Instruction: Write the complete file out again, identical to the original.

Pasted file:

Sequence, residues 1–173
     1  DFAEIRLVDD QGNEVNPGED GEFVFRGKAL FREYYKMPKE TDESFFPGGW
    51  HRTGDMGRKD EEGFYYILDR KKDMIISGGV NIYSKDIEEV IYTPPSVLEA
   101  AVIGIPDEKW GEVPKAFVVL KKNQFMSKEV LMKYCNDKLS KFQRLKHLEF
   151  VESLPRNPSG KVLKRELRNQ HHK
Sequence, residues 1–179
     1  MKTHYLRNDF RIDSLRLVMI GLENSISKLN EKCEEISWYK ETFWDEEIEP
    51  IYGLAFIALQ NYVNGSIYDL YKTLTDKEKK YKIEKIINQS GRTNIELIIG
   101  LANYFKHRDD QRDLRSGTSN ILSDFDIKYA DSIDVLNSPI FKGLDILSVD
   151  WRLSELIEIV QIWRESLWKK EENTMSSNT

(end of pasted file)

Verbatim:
Sequence, residues 1–173
     1  DFAEIRLVDD QGNEVNPGED GEFVFRGKAL FREYYKMPKE TDESFFPGGW
    51  HRTGDMGRKD EEGFYYILDR KKDMIISGGV NIYSKDIEEV IYTPPSVLEA
   101  AVIGIPDEKW GEVPKAFVVL KKNQFMSKEV LMKYCNDKLS KFQRLKHLEF
   151  VESLPRNPSG KVLKRELRNQ HHK
Sequence, residues 1–179
     1  MKTHYLRNDF RIDSLRLVMI GLENSISKLN EKCEEISWYK ETFWDEEIEP
    51  IYGLAFIALQ NYVNGSIYDL YKTLTDKEKK YKIEKIINQS GRTNIELIIG
   101  LANYFKHRDD QRDLRSGTSN ILSDFDIKYA DSIDVLNSPI FKGLDILSVD
   151  WRLSELIEIV QIWRESLWKK EENTMSSNT